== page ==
Fragments no raksta:
[Ed. note -- Our long-time contributor Steve Hicken is usually to be found helping out in the CD review section of S21. But a recent shipment of a number of band music CDs prompted Steve to group them together as a larger essay, and we thought it should end up here on the main page. Recordings discussed in this essay: BARNES: Symphonic Overture; Fantasy Variations on a Theme by Nicolo Paganini; GERSHWIN: Rhapsody in Blue (Hunsberger, arr.); Overture on Themes from Porgy and Bess (Barnes, arr.); REED: Ballade. Raimonds Petrauskis, p; Oskars Petrauskis, a sax; RIGA Professional Symphonic Band/Andris Poga. PPOR-CD002 -- GRAINGER: Band Music. Dallas Wind Symphony/Jerry Junkin. Reference 117 -- GRAINGER: Transcriptions for Wind Orchestra. Ivan Hovorun, p; Royal Northern College of Music Wind Orchestra/Clark Rundell. Chandos 10455 -- CORIGLIANO: Circus Maximus; Gazebo Dances. University of Texas Wind Ensemble/Jerry Junkin. Naxos 8.559601].
The third large category is that of original compositions. Igor Stravinsky, Gustav Holst, Arnold Schoenberg, and Paul Hindemith were among the many major early 20th-century composers who wrote music for band. As the century progressed, however, band composition came to be a specialty — people that wrote band music tended to write little else, and people who were not band composers never touched the medium.
One composer who was well-known in both musical worlds was the Australian Percy Aldridge Grainger. He was a key figure in the development of the concert band out of the military band, and much of his band music sounds like the discovery of a new sonic landscape. Grainger worked in all three of the categories of band music. His extensive catalog of original band music includes marches as well as suites (his masterpiece, Lincolnshire Posy, is a suite based on folk tunes), fanfares, and songs (Irish Tune from County Derry, based on “Danny Boy” is particularly lovely). A disc of Grainger’s original music for band by the Dallas Wind Symphony, led by Jerry Junkin, is a testament to the enduring quality of the composer’s music. The disc itself is documentation of the extraordinarily high quality of playing that is found in professional wind ensembles—the performance of Irish Tune is a good example, with the excellent ensemble playing and careful, expressive phrasing maintained at a very slow tempo.
Grainger’s orchestration predates the band music routines described above. Compared to the gleaming aluminum surface of contemporary band music, Grainger’s sounds like deeply-stained wood. This is true as well of the disc of transcriptions, expertly played by the Royal Northern College of Music Wind Orchestra, conducted by Clark Rundell. Most of the pieces Grainger transcribes are from either the Baroque or Romantic periods. They are expertly done, but they lack the immediacy and personality of the composer’s own compositions.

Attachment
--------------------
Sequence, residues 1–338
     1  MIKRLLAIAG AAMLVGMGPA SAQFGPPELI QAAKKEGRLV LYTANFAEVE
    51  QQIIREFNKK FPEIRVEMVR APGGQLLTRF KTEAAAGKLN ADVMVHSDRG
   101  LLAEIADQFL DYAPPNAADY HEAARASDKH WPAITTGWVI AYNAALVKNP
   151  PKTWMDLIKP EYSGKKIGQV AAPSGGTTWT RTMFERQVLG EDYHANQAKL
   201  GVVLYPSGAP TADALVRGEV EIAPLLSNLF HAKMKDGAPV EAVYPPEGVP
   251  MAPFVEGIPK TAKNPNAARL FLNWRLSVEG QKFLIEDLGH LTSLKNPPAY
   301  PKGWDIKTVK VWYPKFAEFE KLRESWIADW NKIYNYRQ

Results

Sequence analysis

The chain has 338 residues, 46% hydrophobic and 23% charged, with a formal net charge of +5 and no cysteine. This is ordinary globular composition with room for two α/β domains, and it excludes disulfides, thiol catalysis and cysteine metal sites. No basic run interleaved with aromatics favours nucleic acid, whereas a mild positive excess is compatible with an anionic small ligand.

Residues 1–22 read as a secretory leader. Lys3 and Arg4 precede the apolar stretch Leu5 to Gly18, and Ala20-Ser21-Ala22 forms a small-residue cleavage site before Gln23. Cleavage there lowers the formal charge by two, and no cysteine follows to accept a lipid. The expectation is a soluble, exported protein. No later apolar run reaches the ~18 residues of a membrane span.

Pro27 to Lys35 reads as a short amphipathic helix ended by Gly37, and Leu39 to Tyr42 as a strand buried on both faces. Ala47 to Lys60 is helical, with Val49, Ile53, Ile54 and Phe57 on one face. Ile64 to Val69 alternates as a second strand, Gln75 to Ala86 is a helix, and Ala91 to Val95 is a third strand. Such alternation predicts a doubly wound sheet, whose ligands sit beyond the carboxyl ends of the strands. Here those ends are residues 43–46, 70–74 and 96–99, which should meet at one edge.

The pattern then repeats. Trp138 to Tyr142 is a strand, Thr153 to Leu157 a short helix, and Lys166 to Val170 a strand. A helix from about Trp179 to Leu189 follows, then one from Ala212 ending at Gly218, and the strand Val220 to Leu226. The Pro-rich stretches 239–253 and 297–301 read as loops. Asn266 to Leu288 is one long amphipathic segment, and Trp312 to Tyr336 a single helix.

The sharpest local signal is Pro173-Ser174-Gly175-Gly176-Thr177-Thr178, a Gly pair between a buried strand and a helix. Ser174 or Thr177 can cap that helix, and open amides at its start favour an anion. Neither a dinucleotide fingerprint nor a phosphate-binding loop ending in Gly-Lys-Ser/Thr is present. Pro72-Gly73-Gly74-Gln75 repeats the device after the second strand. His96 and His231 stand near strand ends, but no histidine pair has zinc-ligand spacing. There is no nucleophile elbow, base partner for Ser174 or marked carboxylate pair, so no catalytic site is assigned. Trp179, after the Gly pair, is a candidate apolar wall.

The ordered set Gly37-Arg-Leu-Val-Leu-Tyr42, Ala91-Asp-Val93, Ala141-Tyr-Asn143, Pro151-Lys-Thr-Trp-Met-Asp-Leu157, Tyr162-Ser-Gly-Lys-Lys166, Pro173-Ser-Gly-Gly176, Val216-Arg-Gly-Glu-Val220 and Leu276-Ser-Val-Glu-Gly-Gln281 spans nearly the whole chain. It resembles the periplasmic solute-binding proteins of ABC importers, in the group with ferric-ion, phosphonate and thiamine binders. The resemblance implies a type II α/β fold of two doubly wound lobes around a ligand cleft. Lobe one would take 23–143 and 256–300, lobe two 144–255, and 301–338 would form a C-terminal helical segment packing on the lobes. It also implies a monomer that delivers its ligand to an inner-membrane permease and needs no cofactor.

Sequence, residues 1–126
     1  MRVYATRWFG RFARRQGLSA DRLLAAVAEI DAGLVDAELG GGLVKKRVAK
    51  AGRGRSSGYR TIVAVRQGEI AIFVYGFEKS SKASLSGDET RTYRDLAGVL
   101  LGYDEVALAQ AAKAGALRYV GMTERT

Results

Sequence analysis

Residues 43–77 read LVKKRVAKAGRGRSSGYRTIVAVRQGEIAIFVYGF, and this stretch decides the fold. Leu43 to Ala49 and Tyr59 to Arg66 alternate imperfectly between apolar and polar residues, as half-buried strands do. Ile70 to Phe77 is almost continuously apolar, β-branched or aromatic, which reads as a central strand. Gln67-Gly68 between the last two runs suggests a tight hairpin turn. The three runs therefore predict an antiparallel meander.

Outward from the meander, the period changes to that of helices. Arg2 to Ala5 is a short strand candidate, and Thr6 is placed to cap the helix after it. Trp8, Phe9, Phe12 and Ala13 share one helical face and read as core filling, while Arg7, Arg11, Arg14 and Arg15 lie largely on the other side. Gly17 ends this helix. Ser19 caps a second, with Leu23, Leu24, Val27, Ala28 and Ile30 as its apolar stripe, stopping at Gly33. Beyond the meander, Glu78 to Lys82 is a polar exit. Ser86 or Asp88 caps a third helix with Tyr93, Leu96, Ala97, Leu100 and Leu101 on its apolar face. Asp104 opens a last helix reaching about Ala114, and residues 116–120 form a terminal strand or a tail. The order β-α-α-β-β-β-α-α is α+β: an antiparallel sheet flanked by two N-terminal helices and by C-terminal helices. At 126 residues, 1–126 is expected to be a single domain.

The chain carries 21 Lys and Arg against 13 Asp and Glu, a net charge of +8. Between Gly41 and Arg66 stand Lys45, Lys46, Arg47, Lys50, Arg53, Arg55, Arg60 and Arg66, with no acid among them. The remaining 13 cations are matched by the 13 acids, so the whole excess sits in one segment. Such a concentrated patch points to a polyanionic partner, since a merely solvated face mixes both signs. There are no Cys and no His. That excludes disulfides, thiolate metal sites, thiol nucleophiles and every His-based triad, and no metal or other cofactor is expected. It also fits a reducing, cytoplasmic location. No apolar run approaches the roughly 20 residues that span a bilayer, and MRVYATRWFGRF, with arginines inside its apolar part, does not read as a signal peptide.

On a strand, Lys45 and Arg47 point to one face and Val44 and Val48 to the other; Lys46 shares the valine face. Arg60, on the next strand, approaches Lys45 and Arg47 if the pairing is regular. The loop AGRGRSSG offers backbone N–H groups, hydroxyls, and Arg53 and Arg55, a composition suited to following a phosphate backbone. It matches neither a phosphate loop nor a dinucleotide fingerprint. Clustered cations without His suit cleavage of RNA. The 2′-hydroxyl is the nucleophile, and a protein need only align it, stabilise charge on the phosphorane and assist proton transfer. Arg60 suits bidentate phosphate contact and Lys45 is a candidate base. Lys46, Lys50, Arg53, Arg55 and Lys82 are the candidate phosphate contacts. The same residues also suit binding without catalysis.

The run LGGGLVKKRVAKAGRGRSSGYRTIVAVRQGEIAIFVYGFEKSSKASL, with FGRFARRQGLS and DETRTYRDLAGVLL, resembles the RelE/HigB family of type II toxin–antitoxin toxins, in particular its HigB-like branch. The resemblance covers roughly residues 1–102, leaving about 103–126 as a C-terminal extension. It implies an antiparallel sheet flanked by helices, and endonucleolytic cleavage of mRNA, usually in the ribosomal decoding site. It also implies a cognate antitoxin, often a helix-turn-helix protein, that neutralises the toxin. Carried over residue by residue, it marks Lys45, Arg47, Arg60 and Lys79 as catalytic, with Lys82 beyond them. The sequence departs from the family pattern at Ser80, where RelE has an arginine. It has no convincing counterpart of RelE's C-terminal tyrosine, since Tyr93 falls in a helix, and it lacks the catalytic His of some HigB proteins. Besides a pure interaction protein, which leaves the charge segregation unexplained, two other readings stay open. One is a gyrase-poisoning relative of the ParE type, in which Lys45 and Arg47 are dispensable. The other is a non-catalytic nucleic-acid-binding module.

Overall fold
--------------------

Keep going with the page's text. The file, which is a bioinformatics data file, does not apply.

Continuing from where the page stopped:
Another disc by a professional wind ensemble includes both original compositions and transcriptions. The Riga (Latvia) Professional Symphonic Bands produced a disc for its 35th anniversary that would not be out of place as a concert program at any college music department in the United States. In fact, while the performances on the disc are excellent, the music conforms to all of the aspects of band music outlined earlier, and by the end of the disc (which is very enjoyable if taken in parts) aural fatigue sets in, due not to the loudness of the music (there are plaenty of concerts of all kinds that are loud throughout and that don’t produce fatigue), but rather to it’s generally unchanging color.
The original music of today’s superstar band composers, people like John Mackey, David Maslanka, Donald Grantham, and David Gillingham, has a great deal in common with the marches and transcriptions described above: it tends to be tonal, even if this is a very expanded tonality, it’s loud (sometimes really loud), and the melodic burden is carried by the flutes and clarinets, with the brass and percussion usually playing a supporting, coloring, and loudnessincreasing role.
Many of these composers’ pieces follow a similar structural scheme—a loud, brassy opening section, followed by a relatively softer, more lyrical section which is, in turn, followed by a return to the original material, which is often both elaborated and truncated. They are designed to draw people in at the beginning and to bring them out of their seats at the end. And they frequently succeed.